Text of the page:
Soy sauce is a traditional seasoning in Guangdong cuisine. In 2014, the local soy sauce production technique was enlisted as Hong Kong Intangible Cultural Heritage (ICH). Four Chung Chi-ers, Mr. Lam Chun Ho majoring in Music, Ms. Ho Yin Lam in Biomedical Sciences, Ms. Law Hiu Ting in Religious Studies, and Ms. Ma Yuen Wei in Quantitative Finance have previously collaborated on the capstone project of the General Education course “GECC3130 Exploration and Discovery”. Driven by the theme “Crises of Inheriting the Local Traditional Soy Sauce Production Technique in Modern Society and Recommendations”, they aimed to explore the challenges encountered in inheriting traditional soy sauce production.
The research team visited Yuet Wo Sauce Factory and interviewed Mr. Jack Pong (middle), the person-in-charge, to find out what crises and challenges encountered by the traditional soy sauce manufacturers when inheriting the local heritage.
In the early 20th century, numerous soy sauce manufacturers established a foothold in West Kowloon owing to the city’s favourable geographical location. A wealth of enterprises engaged in producing soy sauce during the post-war period, during which the industry entered its heyday. In recent years, soy sauce produced by modern techniques and imported products have emerged in the local market, becoming the competitors of Hong Kong traditional soy sauce manufacturers, which attach great importance to producing high quality soy sauce. They have no choice but to tackle the challenges of the rising production cost and rent, in addition to insufficient successors, the local soy sauce manufacturing industry has suffered a tremendous decline. As the local soy sauce production technique has been enlisted as ICH, its cultural value is approved by the government and scholars but the public and society show little concern for it, which urged us to ponder over the inheritance of the traditional soy sauce production technique and its future development in the new era.
We visited Yuet Wo Sauce Factory and Koon Chun Sauce Factory to learn more about the current situation of the local soy sauce production technique. Through understanding the changes in soy sauce fermentation, and how the industry players define “traditional craftsmanship”, we recognised how soy sauce manufacturers keep abreast of the changes in modern society in terms of production processes and quality assurance, among others. Besides, we explored how soy sauce manufacturers transform themselves to secure their competitive edge in the market by studying sales performance. Meanwhile, we conducted an online survey to find out how the younger generations consume soy sauce in their everyday life, their purchasing considerations, and their awareness towards local traditional soy sauce, through which we deduced what crises soy sauce manufacturers encounter when inheriting the traditional production technique. We made recommendations and hope such a legacy could be passed on to the next generations.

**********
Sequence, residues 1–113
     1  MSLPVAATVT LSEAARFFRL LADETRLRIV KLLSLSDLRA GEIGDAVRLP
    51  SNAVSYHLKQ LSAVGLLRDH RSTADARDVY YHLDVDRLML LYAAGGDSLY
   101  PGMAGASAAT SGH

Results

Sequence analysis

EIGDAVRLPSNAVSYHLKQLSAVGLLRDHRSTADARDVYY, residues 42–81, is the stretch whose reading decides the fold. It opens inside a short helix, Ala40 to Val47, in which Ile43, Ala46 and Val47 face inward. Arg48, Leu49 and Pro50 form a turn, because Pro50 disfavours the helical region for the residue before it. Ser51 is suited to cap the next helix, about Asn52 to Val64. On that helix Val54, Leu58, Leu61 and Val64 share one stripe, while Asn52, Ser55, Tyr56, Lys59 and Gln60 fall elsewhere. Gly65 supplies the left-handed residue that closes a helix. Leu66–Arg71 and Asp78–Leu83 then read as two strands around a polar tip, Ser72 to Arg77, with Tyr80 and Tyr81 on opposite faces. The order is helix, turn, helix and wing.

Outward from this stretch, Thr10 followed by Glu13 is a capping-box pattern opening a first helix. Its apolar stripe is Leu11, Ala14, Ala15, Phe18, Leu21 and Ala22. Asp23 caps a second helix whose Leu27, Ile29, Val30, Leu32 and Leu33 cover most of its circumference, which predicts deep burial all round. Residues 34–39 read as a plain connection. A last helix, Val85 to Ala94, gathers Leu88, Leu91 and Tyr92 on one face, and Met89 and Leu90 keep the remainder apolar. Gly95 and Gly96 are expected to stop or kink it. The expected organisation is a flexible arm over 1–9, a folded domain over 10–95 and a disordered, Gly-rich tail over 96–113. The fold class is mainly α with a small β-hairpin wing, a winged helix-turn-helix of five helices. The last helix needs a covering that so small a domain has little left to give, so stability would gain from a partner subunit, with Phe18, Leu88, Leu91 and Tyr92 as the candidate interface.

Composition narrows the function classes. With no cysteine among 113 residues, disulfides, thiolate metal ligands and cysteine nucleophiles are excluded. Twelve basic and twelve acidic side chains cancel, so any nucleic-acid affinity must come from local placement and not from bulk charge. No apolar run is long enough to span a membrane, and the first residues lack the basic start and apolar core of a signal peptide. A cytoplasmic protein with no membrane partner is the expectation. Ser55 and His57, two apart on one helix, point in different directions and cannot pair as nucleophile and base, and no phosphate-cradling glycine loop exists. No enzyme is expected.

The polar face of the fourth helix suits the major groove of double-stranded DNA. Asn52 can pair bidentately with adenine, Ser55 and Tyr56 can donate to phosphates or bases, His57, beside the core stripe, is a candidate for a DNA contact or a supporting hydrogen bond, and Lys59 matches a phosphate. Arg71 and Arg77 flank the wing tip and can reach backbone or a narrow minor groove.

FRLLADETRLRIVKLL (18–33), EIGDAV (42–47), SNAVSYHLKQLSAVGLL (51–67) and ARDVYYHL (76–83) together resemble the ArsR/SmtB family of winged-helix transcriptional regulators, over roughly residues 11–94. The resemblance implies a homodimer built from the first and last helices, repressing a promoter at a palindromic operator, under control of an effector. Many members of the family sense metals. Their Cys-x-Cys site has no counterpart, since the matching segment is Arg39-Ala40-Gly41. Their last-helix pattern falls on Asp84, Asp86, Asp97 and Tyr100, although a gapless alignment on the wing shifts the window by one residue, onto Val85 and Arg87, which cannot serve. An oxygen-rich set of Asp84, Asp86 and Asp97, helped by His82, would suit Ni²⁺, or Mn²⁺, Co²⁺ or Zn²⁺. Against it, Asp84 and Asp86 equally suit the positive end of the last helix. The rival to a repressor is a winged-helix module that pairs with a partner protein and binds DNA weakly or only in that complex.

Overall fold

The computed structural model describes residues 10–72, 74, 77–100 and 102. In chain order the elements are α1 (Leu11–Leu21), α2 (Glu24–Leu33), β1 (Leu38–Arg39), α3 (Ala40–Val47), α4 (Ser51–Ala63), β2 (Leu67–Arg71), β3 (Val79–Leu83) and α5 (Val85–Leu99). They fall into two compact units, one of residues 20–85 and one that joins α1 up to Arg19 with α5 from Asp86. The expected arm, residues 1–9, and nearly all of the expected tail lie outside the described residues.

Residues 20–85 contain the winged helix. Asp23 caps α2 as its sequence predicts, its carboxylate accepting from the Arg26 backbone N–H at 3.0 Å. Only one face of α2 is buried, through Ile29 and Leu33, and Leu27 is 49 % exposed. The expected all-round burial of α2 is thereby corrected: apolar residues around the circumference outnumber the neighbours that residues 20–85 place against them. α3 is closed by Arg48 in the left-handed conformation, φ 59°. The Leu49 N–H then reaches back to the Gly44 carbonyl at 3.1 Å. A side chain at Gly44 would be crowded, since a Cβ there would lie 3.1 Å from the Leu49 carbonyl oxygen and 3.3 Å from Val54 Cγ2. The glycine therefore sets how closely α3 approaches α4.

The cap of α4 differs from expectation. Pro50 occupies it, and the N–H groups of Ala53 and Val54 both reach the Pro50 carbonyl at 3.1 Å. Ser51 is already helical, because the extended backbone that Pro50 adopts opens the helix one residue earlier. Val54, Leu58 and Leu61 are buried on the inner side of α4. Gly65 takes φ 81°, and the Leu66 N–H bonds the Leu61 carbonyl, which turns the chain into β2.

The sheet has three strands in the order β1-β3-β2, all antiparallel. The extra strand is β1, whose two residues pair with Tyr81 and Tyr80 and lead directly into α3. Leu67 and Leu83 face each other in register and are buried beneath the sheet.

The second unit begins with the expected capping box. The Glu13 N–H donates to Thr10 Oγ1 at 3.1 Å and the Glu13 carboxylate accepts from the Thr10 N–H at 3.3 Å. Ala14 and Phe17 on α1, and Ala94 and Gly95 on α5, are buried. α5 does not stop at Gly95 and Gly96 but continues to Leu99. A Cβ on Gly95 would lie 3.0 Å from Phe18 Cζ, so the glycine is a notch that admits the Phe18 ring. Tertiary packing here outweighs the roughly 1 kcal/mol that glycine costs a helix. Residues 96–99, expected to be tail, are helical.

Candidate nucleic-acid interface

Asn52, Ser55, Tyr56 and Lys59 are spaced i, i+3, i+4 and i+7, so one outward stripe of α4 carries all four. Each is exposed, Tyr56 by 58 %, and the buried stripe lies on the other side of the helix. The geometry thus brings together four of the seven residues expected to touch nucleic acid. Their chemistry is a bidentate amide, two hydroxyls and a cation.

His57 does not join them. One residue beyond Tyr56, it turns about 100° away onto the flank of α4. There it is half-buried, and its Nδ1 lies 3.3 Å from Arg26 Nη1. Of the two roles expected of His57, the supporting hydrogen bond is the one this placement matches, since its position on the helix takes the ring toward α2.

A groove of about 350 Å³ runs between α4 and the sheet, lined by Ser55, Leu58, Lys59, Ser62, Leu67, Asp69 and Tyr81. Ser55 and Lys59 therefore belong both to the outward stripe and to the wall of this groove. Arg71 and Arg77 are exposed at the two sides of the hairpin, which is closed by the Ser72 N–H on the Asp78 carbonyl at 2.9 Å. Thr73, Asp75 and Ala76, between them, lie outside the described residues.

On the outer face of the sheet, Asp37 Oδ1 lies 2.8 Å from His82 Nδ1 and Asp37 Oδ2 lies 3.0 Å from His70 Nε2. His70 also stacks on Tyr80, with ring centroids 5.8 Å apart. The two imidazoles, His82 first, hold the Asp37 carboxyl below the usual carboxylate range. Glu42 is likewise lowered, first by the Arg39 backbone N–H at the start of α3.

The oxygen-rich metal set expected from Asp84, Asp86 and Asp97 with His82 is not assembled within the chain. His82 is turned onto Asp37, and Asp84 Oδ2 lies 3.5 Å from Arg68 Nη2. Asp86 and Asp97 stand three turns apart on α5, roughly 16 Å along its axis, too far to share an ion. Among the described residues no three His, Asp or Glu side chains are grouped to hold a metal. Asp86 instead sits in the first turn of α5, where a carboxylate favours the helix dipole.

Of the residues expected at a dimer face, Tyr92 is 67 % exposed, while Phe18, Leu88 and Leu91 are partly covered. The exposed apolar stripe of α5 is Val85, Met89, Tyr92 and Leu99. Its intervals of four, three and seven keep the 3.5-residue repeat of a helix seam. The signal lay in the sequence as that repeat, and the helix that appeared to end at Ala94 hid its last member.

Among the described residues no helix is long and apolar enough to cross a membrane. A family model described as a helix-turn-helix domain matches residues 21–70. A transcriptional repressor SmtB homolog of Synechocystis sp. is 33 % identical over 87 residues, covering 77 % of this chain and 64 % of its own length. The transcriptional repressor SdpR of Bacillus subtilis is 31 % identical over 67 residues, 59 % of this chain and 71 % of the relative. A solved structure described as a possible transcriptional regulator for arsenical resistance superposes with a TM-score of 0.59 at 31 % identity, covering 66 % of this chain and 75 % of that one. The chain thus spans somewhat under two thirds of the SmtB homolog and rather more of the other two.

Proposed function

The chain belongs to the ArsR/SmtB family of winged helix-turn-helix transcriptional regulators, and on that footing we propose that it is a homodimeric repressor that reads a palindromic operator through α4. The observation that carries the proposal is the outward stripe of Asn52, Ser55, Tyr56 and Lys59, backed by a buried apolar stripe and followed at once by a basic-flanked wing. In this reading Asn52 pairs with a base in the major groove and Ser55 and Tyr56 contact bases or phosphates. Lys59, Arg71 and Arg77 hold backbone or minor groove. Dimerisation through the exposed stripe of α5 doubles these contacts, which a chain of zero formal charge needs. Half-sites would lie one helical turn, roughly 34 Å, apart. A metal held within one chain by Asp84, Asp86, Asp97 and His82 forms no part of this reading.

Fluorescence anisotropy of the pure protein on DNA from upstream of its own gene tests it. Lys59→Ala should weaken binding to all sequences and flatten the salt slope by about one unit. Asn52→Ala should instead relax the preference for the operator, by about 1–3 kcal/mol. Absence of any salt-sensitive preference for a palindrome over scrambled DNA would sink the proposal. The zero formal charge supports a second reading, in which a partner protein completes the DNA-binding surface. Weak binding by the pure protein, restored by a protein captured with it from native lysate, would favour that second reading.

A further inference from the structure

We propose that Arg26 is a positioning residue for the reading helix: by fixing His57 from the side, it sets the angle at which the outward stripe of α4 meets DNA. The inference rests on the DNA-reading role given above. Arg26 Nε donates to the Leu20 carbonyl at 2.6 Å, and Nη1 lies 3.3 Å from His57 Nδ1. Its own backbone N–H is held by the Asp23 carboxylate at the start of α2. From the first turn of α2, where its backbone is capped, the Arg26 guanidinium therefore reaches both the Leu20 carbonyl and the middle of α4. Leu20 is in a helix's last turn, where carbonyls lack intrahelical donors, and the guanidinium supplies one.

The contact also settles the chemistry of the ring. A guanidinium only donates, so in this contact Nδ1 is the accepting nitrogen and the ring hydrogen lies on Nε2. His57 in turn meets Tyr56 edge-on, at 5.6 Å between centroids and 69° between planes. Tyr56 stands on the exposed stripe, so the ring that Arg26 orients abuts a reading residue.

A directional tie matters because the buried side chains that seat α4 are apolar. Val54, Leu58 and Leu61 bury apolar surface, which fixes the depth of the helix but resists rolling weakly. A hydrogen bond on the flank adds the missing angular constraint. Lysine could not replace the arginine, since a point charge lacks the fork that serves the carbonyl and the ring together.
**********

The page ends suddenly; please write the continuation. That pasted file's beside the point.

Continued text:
The research team members, Ms. Ho Yin Lam (1st left), Mr. Lam Chun Ho (2nd left), Ms. Law Hiu Ting (2nd right), and Ms. Ma Yuen Wei (1st right), visited Koon Chun Sauce Factory and interviewed Mr. Daniel Chan (middle), the person-in-charge, to explore the history and prospects of the local soy sauce manufacturing industry.
We had significant findings from five major aspects. First, the issue of modernisation. Hong Kong people have become more alert to food safety. Soy sauce manufacturers have to upgrade production equipment and formulate the standard manufacturing process so as to ensure food safety through quality assurance. Mechanisation can also help relieve the ageing workforce and labour shortage. Concerning land development, some manufacturers suffer land clearance enforced by the government due to land shortage, and need relocating their factories. However, it takes much time and money to rebuild factories. Some manufacturers may be on the verge of closure due to fund shortage. In addition, the survey results reflected that a majority of respondents do not have a thorough picture of the traditional soy sauce production process and its history. Their low awareness makes the inheritance of this craftsmanship even more difficult. Nowadays, Hong Kong people prefer non-locally produced soy sauce. As there is a broad variety of soy sauce products, manufacturers consider launching more innovative items to raise their competitiveness. Despite the increasing demand for soy sauce after the pandemic, traditional soy sauce manufacturers have to transform physical sales outlets into online channels, such as sourcing appropriate online platforms as new sales channels.
In view of the above, we concluded that soy sauce manufacturers generally adopt an open and flexible approach to overcome crises from the business operation perspective. Meanwhile, traditional soy sauce manufacturers take pride in their customary craftsmanship and strive to preserve their legacy. The persons-in-charge today are also dedicated to passing on and promoting the craftsmanship to the next generations, in the hope of safeguarding this local heritage.